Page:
Since Super Mario World came out for the Super Nintendo on November 21, 1990, war and famine have taken untold millions of lives, nations have risen and fallen, and some dudes in an obscure corner of the Internet have dedicated countless hours to making insane obstacle courses for Mario and then beating them. As we all know, every single conceivable thing in all possible worlds has its own Internet subculture dedicated to it, almost invariably complete with a 1999-era forum to bring enthusiasts together. No exception, Super Mario World hacking has a new hero in YouTube user PangaeaPanga, who spent three years assembling and now beating “Item Abuse 3,” a custom creation touted as “the hardest Super Mario World level in existence.” The results are oddly hypnotic:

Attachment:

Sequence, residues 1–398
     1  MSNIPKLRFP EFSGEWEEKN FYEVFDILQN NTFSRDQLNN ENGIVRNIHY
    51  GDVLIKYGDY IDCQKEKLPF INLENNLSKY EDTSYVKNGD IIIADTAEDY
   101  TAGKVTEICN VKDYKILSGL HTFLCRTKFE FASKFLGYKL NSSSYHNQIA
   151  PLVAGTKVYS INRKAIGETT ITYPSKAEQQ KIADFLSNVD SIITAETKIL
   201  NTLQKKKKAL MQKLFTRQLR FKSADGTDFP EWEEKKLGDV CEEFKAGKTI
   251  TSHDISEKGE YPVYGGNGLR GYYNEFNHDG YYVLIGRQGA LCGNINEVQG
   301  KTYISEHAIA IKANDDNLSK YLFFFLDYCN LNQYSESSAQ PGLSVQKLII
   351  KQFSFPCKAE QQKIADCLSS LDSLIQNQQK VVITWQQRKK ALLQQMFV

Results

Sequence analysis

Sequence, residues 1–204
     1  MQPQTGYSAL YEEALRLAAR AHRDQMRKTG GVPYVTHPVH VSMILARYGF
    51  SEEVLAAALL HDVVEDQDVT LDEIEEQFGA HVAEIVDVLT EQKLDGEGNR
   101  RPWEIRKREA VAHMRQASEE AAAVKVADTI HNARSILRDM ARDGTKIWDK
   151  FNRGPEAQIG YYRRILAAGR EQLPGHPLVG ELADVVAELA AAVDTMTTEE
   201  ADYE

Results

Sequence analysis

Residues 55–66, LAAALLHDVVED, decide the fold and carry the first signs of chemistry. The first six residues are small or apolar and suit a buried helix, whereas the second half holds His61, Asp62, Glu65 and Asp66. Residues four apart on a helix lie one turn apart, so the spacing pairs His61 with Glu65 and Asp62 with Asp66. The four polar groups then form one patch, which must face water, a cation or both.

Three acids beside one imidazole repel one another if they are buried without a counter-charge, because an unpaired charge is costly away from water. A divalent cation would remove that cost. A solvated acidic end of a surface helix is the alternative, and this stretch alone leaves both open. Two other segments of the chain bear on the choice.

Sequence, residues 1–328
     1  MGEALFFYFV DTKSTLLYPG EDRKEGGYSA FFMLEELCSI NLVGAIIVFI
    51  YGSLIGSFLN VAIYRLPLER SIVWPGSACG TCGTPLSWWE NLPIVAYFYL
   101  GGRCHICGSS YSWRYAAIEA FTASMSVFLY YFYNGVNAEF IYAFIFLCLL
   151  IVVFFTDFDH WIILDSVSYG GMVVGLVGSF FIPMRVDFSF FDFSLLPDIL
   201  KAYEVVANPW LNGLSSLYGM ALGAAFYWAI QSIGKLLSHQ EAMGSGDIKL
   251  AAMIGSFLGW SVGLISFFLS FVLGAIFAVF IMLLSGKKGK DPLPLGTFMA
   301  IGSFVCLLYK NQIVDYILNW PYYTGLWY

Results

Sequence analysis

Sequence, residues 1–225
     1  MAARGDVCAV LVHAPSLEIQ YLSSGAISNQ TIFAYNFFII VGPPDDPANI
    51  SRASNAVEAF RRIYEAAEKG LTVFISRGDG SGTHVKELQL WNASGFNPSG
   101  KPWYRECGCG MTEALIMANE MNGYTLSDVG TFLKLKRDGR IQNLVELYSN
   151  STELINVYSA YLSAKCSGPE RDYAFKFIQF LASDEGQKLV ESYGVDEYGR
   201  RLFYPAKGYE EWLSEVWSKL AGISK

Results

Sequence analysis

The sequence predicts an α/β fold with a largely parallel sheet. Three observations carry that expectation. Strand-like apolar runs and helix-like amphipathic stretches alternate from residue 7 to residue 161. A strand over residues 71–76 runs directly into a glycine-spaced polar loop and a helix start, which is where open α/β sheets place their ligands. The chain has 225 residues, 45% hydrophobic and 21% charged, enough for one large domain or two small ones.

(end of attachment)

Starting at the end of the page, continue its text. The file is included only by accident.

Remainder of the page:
PangaeaPanga accomplished the feat using a Super Nintendo emulator that allows for tool-assisted speedruns—video game playthroughs that let a user advance through a level frame by frame, recording only successful advancement (and omitting every character death). PangaeaPanga says it took him 78,160 total recordings to get all the way through the absurdly punishing level, all the while thrusting Mario into a hellish nightmare of eternal death, rebirth, and incremental progression. When he finally escapes the samsara of his existence, Mario does not achieve nirvana, but he does get a “Course clear!” message, so congrats for that, little buddy. This being the Internet, there is naturally also a sub-sub-sub-culture that contends that tool assistance is cheating and says some other guy’s tool-free playthrough of a similarly grueling custom level is more impressive.